***1/2 (out of 5)
April 29, 2011
Vin Diesel as DOMINIC TORETTO
Paul Walker as BRIAN O’CONNER
Dwayne Johnson as HOBBS
Jordana Brewster as MIA
Tyrese Gibson as ROMAN
Chris “Ludacris” Bridges as TEJ
Matt Schulze as VINCE
Sung Kang as HAN
Gal Gadot as GISELE
Directed by: Justin Lin
BY KEVIN CARR
I’ve never been much of a car nut. Nor have I been much for a testosterone-fueled B.S. nut. Consequently, when the original “The Fast and the Furious” hit theaters nearly ten years ago, I wasn’t all that excited to see it. I wasn’t reviewing films then, so I missed the movie in the theaters.
I didn’t actually see “The Fast and the Furious” until two years ago when I rented that and its sequel to prep for the then-pending “Fast and Furious” (the fourth film in the series). I thought it was just okay. It wasn’t great. The story and characters were at a “Point Break” level of ‘roid rage intensity. But the racing scenes were pretty cool to watch.
Then came the sequels. “2 Fast 2 Furious” was a huge step down, replacing hulking but charming Vin Diesel with the not-so-hulking and way-less-charming Tyrese Gibson. I had skipped “Fast & Furious: Tokyo Drift” two years ago, but I caught it just a week ago to complete the series. That installment was even worse. I blame Lucas Black.
“Fast and Furious” was pretty stupid as well, not really capturing my attention. It was nice to see Vin Diesel return, but the action sequences didn’t quite counterbalance the ridiculous and silly plot or the two-dimensional, snorting characters.
Now with “Fast Five,” the sequels have finally taken a step up. The two biggest changes that were made were stepping up the action to an insane level and bringing in The Rock as one of the antagonists, the government agent looking to bring Dominic Toretto and his gang to justice.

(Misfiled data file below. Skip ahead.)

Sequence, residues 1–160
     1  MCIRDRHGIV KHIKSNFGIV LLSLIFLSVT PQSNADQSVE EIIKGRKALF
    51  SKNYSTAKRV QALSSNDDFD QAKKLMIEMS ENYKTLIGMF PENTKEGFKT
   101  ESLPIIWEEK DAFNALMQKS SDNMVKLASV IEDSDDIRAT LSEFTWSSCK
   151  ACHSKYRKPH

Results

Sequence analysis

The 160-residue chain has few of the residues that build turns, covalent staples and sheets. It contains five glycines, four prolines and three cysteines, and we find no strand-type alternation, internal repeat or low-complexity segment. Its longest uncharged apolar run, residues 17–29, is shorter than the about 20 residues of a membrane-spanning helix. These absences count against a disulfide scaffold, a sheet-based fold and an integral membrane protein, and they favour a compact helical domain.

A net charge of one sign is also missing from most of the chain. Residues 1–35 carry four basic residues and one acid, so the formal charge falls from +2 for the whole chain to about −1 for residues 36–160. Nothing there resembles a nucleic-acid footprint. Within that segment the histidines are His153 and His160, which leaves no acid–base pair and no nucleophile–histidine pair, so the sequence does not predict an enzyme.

But don’t get me wrong. “Fast Five” is no work of art. It may be the best of the sequels and arguably better than the original, but it’s still just a dumb movie that has plenty of flaws.
In this installment, Brian O’Conner (Paul Walker) and friends bust Dom Toretto (Vin Diesel) out of prison by decimating his prison bus, miraculously leaving no one hurt. They high-tail it down to Rio de Janeiro for one last job… stealing $110 million from the biggest crime boss in the city. Meanwhile, inexplicably sweaty agent Hobbs (Dwayne Johnson) is on their tail, trying to bring them back to the states to face the music.
The action in this movie is the key to what makes it fun. Like a Michael Bay film, where there’s explosions and cars crashing into other things, it’s at its best. Who cares about the plot, character, story or even physics at this point. If it looks cool on screen, it works.
Justin Lin has finally reached a stride with his work, showing us that he can, indeed, handle the action moments. The movie looks great, and it is bookended by two fantastic and thrilling chase sequences.
It’s the middle that has the problems. The film runs 130 minutes long, which isn’t necessary in the least. There’s a lot of padding with dopey characters and a plodding storyline. I’ve heard that fans of the series should like the return of multiple characters from previous films, notably Han (Sung Kang), who bites the dust in the third film (thus causing a chronology confusion as this and part four are actually prequels to “Tokyo Drift”).
Unfortunately, this gallery of supporting roles have never really been anything more than set dressing for me. It’s like the “Oceans Eleven” movies. You probably can’t name more than five or six of the eleven, twelve or thirteen off the top of your head.
Like the other films in the franchise, “Fast Five” is loaded with cool cars, high-octane action and hip-level shots of hot chicks in skimpy clothes at illegal street racing events. Is it a great film? Not at all. Is it fun? Sure. Is it the best action movie I’ve seen? Not by a long shot.
But “Fast Five” will invigorate the fans, and it will kick start the summer movie season. But like the “Twilight” movies, this will be as front-loaded as a NOS-charged hot rod engine… and it’ll burn out relatively quick.